What were the Quarter Sessions?
Quarter sessions was the name given to the principal court of the county magistrates, so called because by law the court had to convene four times a year. In Yorkshire, each of the three Ridings had its own quarter sessions. Quarter sessions courts were replaced by crown courts in 1971. Magistrates courts as they now exist are what were formerly known as 'petty sessions'. In these courts, magistrates sitting without a jury hear cases involving relatively minor offences.
Quarter sessions had three main purposes. The first was to hear criminal cases which required a jury but which were not serious enough to pass to the assize court. The second was to provide the local prison (until 1878, when prisons were nationalised), the county police force, the county asylums and bridge maintenance. All these administrative duties were taken over by county councils when these were established in 1889.
The third function was to act as a public registry for all kinds of business. This included accepting enclosure awards and parliamentary plans of railways and other utilities, registering parliamentary electors, Roman Catholics, freemasons and various other groups which were from time to time under public scrutiny.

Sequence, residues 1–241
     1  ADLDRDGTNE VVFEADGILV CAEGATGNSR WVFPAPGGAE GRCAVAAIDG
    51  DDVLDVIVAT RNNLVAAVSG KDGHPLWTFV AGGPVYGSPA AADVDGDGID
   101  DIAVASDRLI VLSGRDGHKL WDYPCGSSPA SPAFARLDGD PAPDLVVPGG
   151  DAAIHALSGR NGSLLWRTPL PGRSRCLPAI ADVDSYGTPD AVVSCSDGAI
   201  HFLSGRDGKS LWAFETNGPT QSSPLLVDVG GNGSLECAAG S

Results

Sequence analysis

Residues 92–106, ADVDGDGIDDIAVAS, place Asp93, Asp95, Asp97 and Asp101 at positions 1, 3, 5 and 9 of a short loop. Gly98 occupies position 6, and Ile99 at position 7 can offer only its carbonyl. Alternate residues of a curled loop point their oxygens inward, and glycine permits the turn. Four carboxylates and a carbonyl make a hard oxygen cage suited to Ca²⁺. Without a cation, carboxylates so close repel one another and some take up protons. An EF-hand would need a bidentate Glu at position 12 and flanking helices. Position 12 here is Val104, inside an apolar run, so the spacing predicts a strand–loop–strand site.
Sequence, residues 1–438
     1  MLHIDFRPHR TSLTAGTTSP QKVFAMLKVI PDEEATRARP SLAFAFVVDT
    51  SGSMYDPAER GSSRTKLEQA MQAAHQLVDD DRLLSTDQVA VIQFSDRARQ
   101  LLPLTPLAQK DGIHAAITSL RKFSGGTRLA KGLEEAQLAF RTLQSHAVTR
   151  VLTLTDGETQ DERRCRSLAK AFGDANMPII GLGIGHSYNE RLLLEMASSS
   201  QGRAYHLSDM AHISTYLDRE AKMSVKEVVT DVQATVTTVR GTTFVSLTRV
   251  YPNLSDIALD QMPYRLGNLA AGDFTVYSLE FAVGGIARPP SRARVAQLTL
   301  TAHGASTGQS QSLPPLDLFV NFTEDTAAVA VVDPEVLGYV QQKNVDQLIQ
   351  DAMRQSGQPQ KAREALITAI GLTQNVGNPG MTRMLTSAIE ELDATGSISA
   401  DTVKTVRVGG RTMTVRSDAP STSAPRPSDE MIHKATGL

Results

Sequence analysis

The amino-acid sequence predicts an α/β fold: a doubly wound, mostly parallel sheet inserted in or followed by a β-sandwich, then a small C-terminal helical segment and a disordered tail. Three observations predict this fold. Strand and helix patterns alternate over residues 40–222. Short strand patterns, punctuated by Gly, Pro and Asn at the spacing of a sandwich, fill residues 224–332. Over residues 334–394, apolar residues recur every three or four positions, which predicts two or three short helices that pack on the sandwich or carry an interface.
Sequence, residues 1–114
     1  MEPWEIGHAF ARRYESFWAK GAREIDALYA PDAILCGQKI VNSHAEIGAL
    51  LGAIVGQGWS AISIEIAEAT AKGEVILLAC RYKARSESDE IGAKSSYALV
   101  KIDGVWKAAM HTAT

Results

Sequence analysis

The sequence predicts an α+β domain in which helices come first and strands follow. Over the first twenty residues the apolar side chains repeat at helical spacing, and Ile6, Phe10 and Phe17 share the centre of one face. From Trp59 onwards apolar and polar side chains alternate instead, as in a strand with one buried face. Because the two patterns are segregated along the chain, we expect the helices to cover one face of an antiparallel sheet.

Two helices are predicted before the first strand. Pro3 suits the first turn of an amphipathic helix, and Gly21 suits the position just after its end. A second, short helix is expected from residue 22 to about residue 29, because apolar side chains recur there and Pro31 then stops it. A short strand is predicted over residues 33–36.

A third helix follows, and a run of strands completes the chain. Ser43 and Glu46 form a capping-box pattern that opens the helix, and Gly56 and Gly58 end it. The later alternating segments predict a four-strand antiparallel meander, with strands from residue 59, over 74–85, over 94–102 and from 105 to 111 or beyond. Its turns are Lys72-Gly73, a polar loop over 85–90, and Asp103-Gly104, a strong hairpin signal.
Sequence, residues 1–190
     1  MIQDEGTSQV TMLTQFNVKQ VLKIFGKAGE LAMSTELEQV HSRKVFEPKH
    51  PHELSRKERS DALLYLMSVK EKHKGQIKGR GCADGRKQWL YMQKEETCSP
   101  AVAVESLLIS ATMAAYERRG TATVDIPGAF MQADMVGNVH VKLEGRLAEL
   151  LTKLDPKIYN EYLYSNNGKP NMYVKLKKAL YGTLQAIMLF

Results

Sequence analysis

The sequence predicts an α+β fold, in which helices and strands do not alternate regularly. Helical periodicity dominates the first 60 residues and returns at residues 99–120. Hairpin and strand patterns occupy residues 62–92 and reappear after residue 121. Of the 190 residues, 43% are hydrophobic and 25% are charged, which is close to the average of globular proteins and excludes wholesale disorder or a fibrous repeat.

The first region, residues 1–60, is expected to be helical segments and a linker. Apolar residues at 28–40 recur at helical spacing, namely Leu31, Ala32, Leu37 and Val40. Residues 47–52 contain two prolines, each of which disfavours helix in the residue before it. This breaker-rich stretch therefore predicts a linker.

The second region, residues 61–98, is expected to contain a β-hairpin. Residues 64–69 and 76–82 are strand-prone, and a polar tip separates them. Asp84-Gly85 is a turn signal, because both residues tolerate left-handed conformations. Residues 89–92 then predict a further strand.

The scope of quarter sessions was thus considerable and its archives are potentially a source for a great variety of information. The quarter sessions records of the West Riding of Yorkshire are available at the West Yorkshire Archive Service Headquarters. There is a published guide: B J Barber, Guide to the Quarter Sessions of the West Riding of Yorkshire 1637-1971 and Other Official Records (Wakefield, 1984), a copy of which is available for consultation at Doncaster Archives. Doncaster borough had its own quarter sessions which were independent of the West Riding, and further details about this court can be found in M Oxley's published work Doncaster Borough Quarter Sessions: 19 July 1796 to 20 January 1823.
The catalogues of the archives of both the West Riding of Yorkshire court of quarter sessions and the borough of Doncaster quarter sessions, as well as those of the magistrates courts of Doncaster and Thorne are to be found online at the Access to Archives website: www.a2a.org.uk.
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